The owner of a Nova Scotia device repair store says factories closing in China due to the coronavirus outbreak may have a detrimental impact on his business.
Nic Merry, the owner and founder of Geebo Device Repair, says his company relies on buying parts internationally, or from North American companies who purchase parts from China.
“We purchase a part, we repair the customer’s device,” Merry said. “Without that, we would lose almost 95 per cent of our revenue.”
The Chinese government extended the Lunar New Year holiday to keep factories and offices closed as an anti-disease measure. Those factories help supply the world with smartphones, furniture, shoes, toys and household appliances.
Luckily, Merry was notified of the impending closure and was able to stock up on parts. But he says those parts can only last so long.
“The factory was going to re-open at the beginning of February. It’s now at the beginning of March, and now we’re told (the factories will reopen in) April,” Merry said. “So we have no idea how long this is going to last for.”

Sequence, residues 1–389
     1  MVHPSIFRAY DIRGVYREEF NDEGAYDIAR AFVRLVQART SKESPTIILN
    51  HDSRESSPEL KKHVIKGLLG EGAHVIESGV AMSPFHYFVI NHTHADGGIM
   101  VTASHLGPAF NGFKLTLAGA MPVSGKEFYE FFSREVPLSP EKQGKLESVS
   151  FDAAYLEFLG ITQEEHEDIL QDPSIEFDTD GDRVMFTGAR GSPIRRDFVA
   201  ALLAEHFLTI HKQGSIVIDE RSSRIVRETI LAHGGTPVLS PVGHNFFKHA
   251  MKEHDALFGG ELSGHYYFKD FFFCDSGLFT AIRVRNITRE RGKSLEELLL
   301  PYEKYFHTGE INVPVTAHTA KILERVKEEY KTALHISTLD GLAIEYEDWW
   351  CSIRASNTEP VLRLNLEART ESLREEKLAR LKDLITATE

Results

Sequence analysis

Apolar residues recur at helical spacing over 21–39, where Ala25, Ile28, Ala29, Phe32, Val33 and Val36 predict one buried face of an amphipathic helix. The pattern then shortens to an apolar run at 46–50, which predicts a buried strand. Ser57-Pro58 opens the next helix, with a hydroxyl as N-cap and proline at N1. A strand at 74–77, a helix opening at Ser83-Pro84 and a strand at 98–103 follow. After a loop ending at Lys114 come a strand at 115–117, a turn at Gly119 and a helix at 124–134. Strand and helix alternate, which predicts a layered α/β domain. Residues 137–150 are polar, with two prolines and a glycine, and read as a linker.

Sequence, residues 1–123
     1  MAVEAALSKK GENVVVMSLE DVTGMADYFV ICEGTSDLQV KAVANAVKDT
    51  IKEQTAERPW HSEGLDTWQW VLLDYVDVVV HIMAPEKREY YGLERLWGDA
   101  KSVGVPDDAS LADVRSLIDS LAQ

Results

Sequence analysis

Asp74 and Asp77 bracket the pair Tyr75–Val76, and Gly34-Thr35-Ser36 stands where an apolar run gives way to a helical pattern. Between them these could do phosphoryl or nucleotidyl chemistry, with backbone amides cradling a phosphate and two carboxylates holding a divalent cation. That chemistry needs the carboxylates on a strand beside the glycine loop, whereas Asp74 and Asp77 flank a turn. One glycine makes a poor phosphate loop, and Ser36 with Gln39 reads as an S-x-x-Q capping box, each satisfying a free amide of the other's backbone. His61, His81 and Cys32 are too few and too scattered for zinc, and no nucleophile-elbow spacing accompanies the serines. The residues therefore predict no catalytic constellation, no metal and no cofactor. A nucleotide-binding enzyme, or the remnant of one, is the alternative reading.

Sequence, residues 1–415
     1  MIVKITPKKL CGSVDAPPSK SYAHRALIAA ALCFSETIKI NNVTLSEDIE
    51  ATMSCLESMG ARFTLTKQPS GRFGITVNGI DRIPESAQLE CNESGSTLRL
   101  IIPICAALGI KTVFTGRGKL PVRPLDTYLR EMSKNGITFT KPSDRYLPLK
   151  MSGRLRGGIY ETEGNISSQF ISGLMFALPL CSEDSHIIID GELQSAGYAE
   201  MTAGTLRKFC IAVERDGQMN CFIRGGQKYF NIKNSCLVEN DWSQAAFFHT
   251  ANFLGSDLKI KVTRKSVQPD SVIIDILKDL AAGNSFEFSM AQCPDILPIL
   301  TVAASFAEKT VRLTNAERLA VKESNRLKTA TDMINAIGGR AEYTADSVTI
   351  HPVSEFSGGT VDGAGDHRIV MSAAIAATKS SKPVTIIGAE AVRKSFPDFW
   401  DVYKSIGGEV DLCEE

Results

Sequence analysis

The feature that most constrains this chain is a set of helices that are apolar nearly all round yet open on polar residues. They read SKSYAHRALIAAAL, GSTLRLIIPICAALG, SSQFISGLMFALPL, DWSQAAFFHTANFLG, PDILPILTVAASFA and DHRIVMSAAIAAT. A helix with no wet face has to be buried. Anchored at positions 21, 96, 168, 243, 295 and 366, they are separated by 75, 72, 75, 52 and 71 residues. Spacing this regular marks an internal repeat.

Merry worries if the factories don’t reopen soon, he simply won’t be able to stay afloat.
“Without access to parts it could be extremely detrimental,” he said. “We could be looking at many things, maybe stores would need to close, staff would be laid off.”
“When we run out of parts, we can’t fix phones anymore. Plain and simple.”
The Halifax Port Authority says they’ve seen reduced cargo as a result of the outbreak, but it’s an issue that ports across North America are dealing with.
“Some ports are getting hit harder than others and it really depends on where the goods are coming from,” said Lane Farguson, a spokesperson for the Halifax Port Authority. “The global supply chains have become very, very complicated, and we’re seeing the impact of that now.”
Farguson adds that the outbreak is also highlighting how interconnected supply chains have become.
As for Merry, he says he hasn’t noticed a drop in revenue, but worries for smaller businesses trying to get off the ground who aren’t in the same position.
“They don’t have huge inventory, they don’t have stock that will last them a month or two,” he said. “They purchase their stocks, typically, on request, and maybe stock a week’s worth of the common things.”
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“But with this being an issue they won’t be able to reach out to their supplier and restock, and we don’t even know when it will end.”